by Phoebe Churches
You need a ‘thick skin’ to be a lawyer – but is this sort of resilience purely dispositional or can it be acquired?
My brother quipped recently that his every utterance contained ‘layers of meaning, and meanness’. Growing up with this, I have developed both a thick skin and the expectation that almost everything has a hidden meaning.
This started me thinking about environments where there is positive survival value in becoming immune to many provocations. I am not impervious to all types of needling of course, as my partner will readily attest. However in the cut and thrust of my professional life – shields are up and you will have to work very hard to get a rise out of me. No doubt my years working as a social worker also honed my ability to keep ‘other people’s stuff’ at a safe arm’s length.
Firstly, why do I suggest that thick skin is an essential quality in a lawyer?
Working as a lawyer has many challenges – but one of the biggest tests for many is remaining confident in the face of criticism. That doesn’t mean rejecting all feedback. Confidence is not arrogance. Self-confidence allows you to recognise weaknesses and fix them. Reframing criticism as something that will just make you better, both disables its debilitating sting and fuels self-improvement.
However, facing down criticism in an adversarial milieu is a different matter. I am talking about learning to zone out the white noise that is simply designed to undermine your confidence and get you to give in.
Your competence, skill and judgement will often be challenged. Even during negotiation in an alternative dispute resolution setting – you need to be resistant to the games which will inevitably play out as each party tries to get their best outcome. In the typical day of a working lawyer, we may need to remind ourselves that our clients are generally not misleading us, we are not thick or gullible and the claims we represent are not querulous. So when our opponent suggests we should just drop our case, that we are wrong and there is no merit to our claim – will we give in?
Well, not unless they are right.
How do we build this resilience, if you didn’t grow up with a troll for a sibling?
There are really two ways you can deal with criticism as you develop – you can absorb it, let it soak into your bones, weaken your confidence and sap your desire to challenge yourself. Or you can create a barrier which protects your inner world. These are decisions we often fail to make consciously – but there is nothing stopping a conscious decision to develop or enhance our resilience to criticism at any time in life.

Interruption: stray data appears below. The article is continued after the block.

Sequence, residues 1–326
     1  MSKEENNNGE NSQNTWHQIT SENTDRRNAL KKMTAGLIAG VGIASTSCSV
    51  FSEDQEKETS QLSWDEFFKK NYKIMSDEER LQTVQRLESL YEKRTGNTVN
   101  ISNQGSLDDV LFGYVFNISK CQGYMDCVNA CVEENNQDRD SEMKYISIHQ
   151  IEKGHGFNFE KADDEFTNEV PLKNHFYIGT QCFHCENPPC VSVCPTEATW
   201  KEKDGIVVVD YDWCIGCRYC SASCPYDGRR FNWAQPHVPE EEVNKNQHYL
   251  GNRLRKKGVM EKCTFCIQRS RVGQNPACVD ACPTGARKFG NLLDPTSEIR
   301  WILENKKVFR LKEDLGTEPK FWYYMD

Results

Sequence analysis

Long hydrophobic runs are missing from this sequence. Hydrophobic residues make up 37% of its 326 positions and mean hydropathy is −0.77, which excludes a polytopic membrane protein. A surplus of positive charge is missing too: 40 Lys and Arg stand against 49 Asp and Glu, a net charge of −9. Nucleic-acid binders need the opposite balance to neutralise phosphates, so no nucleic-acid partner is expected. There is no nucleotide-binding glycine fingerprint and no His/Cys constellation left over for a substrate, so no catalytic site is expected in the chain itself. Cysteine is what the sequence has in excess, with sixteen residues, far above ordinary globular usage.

Number one tip – is that life is not a popularity contest. We don’t need constant approval to be happy. That’s it. Move on.
Next – nothing is personal. People generally act in self-interest – they aren’t really trying to tell us something we need to know about ourselves, they are trying to get what they want. Why do some things just roll off the proverbial duck’s back and other things cut to the quick? This is about knowing your ‘red flags’. The tiny (or sometimes screaming) inner voice which articulates the beliefs we have about ourselves. If you grew up thinking you were gullible, not good at logic or too emotional for example – criticisms on these points are going to score direct hits. If you have a strong inner belief that you are intelligent and rational – being called stupid and emotional is going to just seem silly.
It’s that simple. No, really it is. We can always question our unexplored self-beliefs and reality check them against what we know to be true. It is the unexamined character of the little inner voice that makes it so destructive. These things are no more than cognitive-emotional habits. Practice makes perfect.
Finally, could a thick skin be the enemy of empathy and compassion in our work? It would be easy to see someone like Julian Burnside as a bundle of porous empathy. However he has to face fierce criticism for his efforts. Thick skin is also about a boundary between you and everyone else. Perhaps paradoxically, when you are involved in the most empathic types of lawyering – you will need the best boundaries. I volunteer once a week in the Human Rights Law clinic at the Asylum Seekers Resource Centre and the risk of burn out is all too real.
We can be of public service only as long as we have resilience in the face of manifest systemic unfairness and the raw horror of some people’s lived experience.
Ultimately I don’t know whether it was growing up with a mean brother or 25 years of social work which thickened my skin the most.
Maybe I was an elephant in another life.